Correspondence: Nancy N. Nichols, Fermentation Biotechnology Research Unit, National Center for Agricultural Utilization Research, USDA-ARS, 1815 N. University St, Peoria, IL 61604, USA. Tel.: +309 681 6271; fax: +309 681 6427; e-mail: firstname.lastname@example.org
Pseudomonas putida Fu1 metabolizes furfural through a pathway involving conversion to 2-oxoglutarate, via 2-furoic acid (FA) and coenzyme A intermediates. Two P. putida transposon mutants were isolated that had impaired growth on furfural and FA, and DNA flanking the transposon insertion site was cloned from both mutants. The transposons disrupted psfB, a LysR-family regulatory gene in mutant PSF2 and psfF, a GcvR-type regulatory gene in PSF9. Disruption of two genes adjacent to psfB demonstrated that both are important for growth on FA, and ORFs in the proximity of psfB and psfF were transcriptionally activated during growth of P. putida on FA. Transcript levels increased in response to FA by 10-fold (a putative permease gene) to >1000-fold (a putative decarboxylase gene). The LysR-family gene appears to act positively, and the GcvR-family gene negatively, in regulating expression of neighboring genes in response to FA.
Furan degradation in Pseudomonas putida has been characterized, and some enzymes have been purified (Kitcher et al., 1972; Trudgill, 1984; Koenig & Andreesen, 1989, 1990). Aerobic growth involves oxidation of furfuryl alcohol and furfural to FA. After thioesterification of FA, a molybdenum-containing dehydrogenase converts 2-furoyl-CoA to 5-hydroxy-2-furoyl-CoA. Modification of the furan ring results in conversion to α-ketoglutaric acid. To date, there is no genetic understanding of the pathway. To begin to understand the genetic basis for furan metabolism, we isolated mutants of P. putida that are impaired in growth on FA. Two disrupted genes, both apparent transcriptional regulators, were used as a starting point to identify neighboring genes involved in FA metabolism.
Materials and methods
Plasmids, bacterial strains and growth conditions
Plasmids and strains are described in supplementary Table S1. Escherichia coli was grown at 37 °C on Luria–Bertani (LB) medium. Pseudomonas putida was cultured at 30 °C in defined mineral medium [MM; pH 6.8; 25 mM KH2PO4, 25 mM Na2HPO4, 0.1% (NH4)2SO4, 0.1% Hutner mineral base (Gerhardt et al., 1981)]. Liquid cultures were shaken at 250 r.p.m. (Innova 4230 incubator shaker, New Brunswick, Edison, NJ). Solid LB medium contained 1.5% (w/v) Bacto agar. Solid MM contained 1.5% (w/v) Noble agar (Becton, Dickinson, Sparks, MD), sterilized separately in water.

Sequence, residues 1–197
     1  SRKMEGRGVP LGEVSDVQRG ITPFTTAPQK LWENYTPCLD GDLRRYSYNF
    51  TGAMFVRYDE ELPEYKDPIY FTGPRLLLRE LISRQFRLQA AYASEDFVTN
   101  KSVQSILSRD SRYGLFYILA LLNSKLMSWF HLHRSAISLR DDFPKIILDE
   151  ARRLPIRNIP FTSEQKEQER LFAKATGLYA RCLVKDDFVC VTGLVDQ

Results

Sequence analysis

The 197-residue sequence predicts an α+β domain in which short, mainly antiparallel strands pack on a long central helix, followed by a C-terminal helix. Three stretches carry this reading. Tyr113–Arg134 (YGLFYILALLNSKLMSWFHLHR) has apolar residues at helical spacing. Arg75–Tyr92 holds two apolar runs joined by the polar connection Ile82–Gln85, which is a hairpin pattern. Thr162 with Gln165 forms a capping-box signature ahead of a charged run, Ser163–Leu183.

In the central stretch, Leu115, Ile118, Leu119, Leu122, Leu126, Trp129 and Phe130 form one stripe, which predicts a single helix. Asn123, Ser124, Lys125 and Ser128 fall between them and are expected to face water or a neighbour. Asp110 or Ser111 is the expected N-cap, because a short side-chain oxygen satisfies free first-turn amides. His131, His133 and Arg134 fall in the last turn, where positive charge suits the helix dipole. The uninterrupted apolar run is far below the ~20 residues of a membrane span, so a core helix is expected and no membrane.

Carbon sources were sterilized separately and added to media at 5 mM, except succinate, which was 10 mM. Growth was initiated with a 2% (v/v) inoculum grown overnight in succinate MM. Generation times were determined by measuring OD of MM cultures (600 nm, 1 cm pathlength, DU 640 spectrophotometer, Beckman Instruments, Fullerton, CA) in 10-mL Erlenmeyer flasks.
Molecular biological methods
Molecular biological techniques were performed using standard methods (Sambrook & Russell, 2001). Where stated, genomic DNA was amplified by arbitrary PCR (Das et al., 2005) using a primer of known sequence paired with an arbitrary primer (5′-GGCCACGCGTCGACTAGTACN10ACGCC-3′). A primer identical in sequence to the 5′ end of the arbitrary primer was used to reamplify products in a second PCR.
RNA was isolated from cultures in early log phase (3–4 h growth) in MM containing the specified carbon source(s). 7.5 × 108 cells were treated with RNAprotect Bacteria Reagent, followed by RNA isolation using the RNeasy Plus kit (Qiagen, Valencia, CA). RNA was quantified using a ND-1000 spectrophotometer (Thermo Fisher Scientific, Waltham, MA). Aliquots were diluted to c. 150 ng mL−1 and treated with Turbo DNAse (Ambion, Austin, TX).
DNAse-treated RNA was repurified and assessed (2100 bioanalyzer Lab-on-Chip, Agilent, Wimington, DE) before real-time quantitative reverse transcriptase (qRT)-PCR analysis. Primers and probes are described in supplementary Table S2 and Fig. 1. Assays used RT-PCR master mix (Qiagen) and a Rotorgene 6000 (Corbett Life Science, Sydney, Australia). RT (50 °C for 30 min) and denaturation (95 °C for 15 min) were followed by 40 amplification–detection cycles (95 °C for 15 s and 60 °C for 60 s). Standard curves using linearized plasmid DNA yielded r2 values >0.99 and efficiencies of 0.89–1.07. No signal was detected in control reactions lacking template or RT. All assays were performed in triplicate.
Bacterial conjugation and mutagenesis
Donor and recipient strains were mixed (1 : 5 ratio) on LB agar, incubated overnight at 30 °C, and transferred to MM agar containing succinate and selective antibiotic. For transposon mutagenesis, P. putida Fu1 was mated with E. coli S17-1λpir(pUTminiTn5-Km) to generate a library of mutant strains. The mixture was diluted onto MM agar containing FA plus a low (1 mM) concentration of succinate. After 24 h, small colonies were identified as potential FA nonmetabolizing mutants.
Specific genes were disrupted with a kanamycin (km) cassette and transferred by conjugation into wild-type (WT) P. putida. After antibiotic selection to ensure the presence of the plasmid, each recombinant strain was subcultured in antibiotic-free succinate MM. Then, colonies were replica plated to identify strains which had retained kanamycin-resistance but lost resistance to the vector-encoded antibiotic. These strains were presumed to have undergone a double cross-over event. The presence of the disrupted gene on the chromosome, in place of the WT copy, was verified by PCR amplification across the insertion site.